Mass of the Moon

by Fraser Cain on October 14, 2008

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NASA's image of the Moon

NASA's image of the Moon


The mass of the Moon is 7.347 x 1022 kg.

That sounds like a large number, and I suppose it is compared to the mass of a single person, a car or even a building. But you’ve got to keep it in context. The mass of the Moon is only 1.2% the mass of the Earth. In other words, you would need 81 objects with the mass of the Moon to match the mass of the Earth.

The diameter of the Moon is only about 1/4 the diameter of the Earth, so it might seem like the mass of the Moon is strangely low. And you would be right. The key is the Moon’s low density. It has a density of only 3.3 g/cm3. This is almost half the density of Earth.

Astronomers think that a Mars-sized object crashed into the Earth about 100 million years after the Earth formed. The huge cloud of ejected debris coalesced into the Moon, which still orbits us today. The Moon has a lower density because the impact gouged out the outer crust and mantle, and didn’t eject so much of the Earth’s iron core.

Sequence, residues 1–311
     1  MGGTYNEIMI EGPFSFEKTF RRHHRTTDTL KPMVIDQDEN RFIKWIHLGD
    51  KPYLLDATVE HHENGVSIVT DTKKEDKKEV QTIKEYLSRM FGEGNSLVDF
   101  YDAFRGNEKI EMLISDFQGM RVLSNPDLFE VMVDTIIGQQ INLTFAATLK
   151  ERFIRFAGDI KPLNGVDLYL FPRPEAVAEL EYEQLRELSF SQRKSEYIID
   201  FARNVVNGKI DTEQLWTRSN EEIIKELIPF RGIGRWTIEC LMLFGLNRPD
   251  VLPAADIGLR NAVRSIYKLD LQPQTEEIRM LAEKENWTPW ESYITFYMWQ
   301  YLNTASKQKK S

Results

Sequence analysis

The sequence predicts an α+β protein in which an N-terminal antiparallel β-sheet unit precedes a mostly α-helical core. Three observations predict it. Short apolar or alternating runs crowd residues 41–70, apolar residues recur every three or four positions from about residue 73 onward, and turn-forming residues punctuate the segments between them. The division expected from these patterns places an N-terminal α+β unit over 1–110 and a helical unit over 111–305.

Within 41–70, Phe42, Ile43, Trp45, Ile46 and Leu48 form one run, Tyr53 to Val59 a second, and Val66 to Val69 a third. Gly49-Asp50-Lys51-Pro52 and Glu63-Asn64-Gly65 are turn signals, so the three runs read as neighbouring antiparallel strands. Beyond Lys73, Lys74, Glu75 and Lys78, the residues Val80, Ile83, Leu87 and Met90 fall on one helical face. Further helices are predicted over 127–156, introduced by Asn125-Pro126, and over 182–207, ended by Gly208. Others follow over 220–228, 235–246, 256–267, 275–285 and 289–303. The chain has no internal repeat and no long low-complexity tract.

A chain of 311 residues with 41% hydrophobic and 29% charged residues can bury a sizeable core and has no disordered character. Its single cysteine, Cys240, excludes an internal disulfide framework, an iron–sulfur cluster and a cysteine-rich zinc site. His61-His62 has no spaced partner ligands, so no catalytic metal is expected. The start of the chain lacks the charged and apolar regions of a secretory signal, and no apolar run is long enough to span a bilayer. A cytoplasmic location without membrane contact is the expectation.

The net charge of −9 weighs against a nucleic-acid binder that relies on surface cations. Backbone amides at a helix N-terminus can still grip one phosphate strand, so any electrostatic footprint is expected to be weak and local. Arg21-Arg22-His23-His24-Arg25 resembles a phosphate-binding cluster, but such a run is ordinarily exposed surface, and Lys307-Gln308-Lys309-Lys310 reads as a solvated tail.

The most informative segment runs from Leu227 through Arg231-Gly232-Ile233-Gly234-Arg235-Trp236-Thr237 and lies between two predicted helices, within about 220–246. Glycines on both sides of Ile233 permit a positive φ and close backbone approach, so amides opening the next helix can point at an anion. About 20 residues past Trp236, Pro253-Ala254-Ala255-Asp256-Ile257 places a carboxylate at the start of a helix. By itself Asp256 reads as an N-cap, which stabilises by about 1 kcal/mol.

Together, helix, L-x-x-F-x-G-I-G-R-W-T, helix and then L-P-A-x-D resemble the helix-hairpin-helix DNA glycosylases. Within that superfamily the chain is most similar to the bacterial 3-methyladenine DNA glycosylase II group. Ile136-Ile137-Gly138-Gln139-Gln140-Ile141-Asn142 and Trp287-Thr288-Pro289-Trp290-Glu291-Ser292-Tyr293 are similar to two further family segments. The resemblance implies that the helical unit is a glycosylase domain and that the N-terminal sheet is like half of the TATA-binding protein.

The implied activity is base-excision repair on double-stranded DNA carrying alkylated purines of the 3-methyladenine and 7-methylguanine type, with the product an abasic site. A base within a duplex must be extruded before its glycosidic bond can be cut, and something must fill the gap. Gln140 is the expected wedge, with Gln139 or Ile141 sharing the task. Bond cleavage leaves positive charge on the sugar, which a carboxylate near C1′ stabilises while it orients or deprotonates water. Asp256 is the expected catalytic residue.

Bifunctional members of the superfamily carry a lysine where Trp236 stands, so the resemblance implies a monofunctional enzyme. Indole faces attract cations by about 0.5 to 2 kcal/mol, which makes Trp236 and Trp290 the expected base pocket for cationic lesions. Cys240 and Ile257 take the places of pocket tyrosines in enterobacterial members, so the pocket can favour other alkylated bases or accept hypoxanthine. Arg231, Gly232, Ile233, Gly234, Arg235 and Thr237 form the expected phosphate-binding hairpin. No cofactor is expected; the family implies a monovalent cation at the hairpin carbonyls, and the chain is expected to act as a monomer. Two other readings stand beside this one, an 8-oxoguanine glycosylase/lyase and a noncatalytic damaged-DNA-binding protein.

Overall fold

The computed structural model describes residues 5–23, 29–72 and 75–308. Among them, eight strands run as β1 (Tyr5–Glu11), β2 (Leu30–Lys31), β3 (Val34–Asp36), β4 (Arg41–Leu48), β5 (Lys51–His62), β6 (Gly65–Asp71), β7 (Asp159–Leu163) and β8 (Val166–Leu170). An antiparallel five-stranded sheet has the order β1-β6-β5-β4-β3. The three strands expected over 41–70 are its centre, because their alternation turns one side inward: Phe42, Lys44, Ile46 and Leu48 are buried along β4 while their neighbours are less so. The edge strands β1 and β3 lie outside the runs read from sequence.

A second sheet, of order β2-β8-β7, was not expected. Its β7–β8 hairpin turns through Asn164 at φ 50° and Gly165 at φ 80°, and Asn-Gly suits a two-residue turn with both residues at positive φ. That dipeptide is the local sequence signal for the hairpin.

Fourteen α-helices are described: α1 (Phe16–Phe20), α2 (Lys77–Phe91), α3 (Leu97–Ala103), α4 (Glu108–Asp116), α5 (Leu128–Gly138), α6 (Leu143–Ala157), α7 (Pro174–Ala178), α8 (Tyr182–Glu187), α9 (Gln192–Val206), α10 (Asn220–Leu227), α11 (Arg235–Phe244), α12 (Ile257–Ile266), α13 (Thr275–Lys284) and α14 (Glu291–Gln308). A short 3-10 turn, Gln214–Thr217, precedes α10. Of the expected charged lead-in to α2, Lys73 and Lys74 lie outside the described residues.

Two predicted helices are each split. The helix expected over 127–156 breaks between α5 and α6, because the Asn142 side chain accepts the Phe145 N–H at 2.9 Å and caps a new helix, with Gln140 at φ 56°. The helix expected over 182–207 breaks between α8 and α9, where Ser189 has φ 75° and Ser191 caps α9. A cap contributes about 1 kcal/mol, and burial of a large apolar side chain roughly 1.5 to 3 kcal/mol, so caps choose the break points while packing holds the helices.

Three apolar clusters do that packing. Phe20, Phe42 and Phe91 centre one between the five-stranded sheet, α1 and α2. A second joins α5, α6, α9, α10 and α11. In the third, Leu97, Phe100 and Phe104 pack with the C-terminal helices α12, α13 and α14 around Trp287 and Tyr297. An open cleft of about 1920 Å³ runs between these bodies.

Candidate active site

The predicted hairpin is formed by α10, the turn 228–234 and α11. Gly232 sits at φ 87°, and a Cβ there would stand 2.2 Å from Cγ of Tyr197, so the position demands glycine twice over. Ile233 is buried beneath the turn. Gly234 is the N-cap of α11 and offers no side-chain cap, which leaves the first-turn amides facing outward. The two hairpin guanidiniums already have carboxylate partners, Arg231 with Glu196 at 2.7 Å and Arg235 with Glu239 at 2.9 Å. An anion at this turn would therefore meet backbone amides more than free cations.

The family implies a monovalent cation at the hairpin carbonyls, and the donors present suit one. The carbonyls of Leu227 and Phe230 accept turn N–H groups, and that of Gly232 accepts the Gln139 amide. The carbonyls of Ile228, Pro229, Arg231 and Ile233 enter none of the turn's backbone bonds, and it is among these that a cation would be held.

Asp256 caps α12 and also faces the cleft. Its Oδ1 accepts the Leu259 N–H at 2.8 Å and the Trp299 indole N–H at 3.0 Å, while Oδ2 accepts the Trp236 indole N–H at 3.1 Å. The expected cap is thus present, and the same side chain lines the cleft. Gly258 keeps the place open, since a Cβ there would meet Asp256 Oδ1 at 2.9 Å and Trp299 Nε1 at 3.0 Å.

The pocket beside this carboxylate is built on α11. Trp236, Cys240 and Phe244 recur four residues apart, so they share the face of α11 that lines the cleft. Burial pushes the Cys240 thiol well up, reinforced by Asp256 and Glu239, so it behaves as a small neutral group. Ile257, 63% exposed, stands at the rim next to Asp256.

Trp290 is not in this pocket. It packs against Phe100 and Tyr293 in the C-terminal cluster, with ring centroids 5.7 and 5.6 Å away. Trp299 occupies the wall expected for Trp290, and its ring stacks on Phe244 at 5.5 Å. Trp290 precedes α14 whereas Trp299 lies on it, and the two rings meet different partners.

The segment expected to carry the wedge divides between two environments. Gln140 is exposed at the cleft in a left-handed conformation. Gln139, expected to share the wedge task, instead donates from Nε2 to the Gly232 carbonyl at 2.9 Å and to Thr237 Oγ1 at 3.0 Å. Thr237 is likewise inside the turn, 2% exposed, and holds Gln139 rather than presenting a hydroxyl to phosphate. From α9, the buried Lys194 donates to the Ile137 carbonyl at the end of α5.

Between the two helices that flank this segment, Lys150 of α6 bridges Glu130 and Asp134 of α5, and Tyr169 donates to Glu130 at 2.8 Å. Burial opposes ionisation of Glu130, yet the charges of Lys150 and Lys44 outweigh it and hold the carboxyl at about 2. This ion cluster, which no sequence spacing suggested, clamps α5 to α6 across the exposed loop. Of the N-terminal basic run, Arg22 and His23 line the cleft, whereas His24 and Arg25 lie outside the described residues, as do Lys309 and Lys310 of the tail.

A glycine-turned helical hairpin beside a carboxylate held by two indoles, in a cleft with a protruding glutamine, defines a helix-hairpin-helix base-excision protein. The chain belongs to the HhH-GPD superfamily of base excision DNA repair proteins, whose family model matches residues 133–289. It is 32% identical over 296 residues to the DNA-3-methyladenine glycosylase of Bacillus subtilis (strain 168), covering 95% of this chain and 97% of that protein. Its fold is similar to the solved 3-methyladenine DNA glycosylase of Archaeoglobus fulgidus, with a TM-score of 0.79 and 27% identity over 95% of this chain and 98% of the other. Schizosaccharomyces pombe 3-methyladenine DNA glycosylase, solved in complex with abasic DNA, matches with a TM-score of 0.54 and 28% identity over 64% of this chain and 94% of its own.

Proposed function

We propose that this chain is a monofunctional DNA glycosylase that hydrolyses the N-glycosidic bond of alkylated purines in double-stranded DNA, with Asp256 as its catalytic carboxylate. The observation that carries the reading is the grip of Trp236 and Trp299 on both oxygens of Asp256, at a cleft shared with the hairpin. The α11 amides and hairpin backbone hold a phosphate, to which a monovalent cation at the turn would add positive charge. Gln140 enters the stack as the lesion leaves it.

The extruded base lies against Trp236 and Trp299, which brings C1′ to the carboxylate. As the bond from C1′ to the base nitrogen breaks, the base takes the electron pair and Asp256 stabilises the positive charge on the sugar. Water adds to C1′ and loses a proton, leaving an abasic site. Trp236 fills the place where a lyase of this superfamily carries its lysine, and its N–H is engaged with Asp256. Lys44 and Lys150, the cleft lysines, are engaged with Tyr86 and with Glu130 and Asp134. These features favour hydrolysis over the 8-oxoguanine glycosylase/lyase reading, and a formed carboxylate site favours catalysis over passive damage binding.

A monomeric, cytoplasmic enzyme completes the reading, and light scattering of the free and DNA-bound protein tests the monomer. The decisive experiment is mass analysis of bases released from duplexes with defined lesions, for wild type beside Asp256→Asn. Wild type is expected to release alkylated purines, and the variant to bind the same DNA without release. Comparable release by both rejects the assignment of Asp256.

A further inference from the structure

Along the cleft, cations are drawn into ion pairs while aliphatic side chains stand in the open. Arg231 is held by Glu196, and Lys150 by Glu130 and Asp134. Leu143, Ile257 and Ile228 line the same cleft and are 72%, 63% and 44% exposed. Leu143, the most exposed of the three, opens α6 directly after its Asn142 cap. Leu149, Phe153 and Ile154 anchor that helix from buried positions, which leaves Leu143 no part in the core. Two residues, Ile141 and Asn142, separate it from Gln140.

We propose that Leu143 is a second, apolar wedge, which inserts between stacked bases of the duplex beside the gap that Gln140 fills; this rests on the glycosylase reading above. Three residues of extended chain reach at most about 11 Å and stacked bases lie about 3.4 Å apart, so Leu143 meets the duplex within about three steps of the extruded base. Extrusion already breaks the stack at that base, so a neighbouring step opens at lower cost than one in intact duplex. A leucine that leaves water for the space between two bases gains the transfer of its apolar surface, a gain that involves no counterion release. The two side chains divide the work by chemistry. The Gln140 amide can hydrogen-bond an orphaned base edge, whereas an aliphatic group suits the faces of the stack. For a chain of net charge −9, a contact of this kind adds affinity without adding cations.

Want more information about the mass of the Earth? Or what about the mass of Mars?

The Physics Factbook has more information about the mass of the Moon. And here’s an article that explains how you would go about weighing the Moon.

You can listen to a very interesting podcast about the formation of the Moon from Astronomy Cast, Episode 17: Where Did the Moon Come From?

Reference:
NASA Moon Facts

About 

Fraser Cain is the publisher of Universe Today. He's also the co-host of Astronomy Cast with Dr. Pamela Gay.

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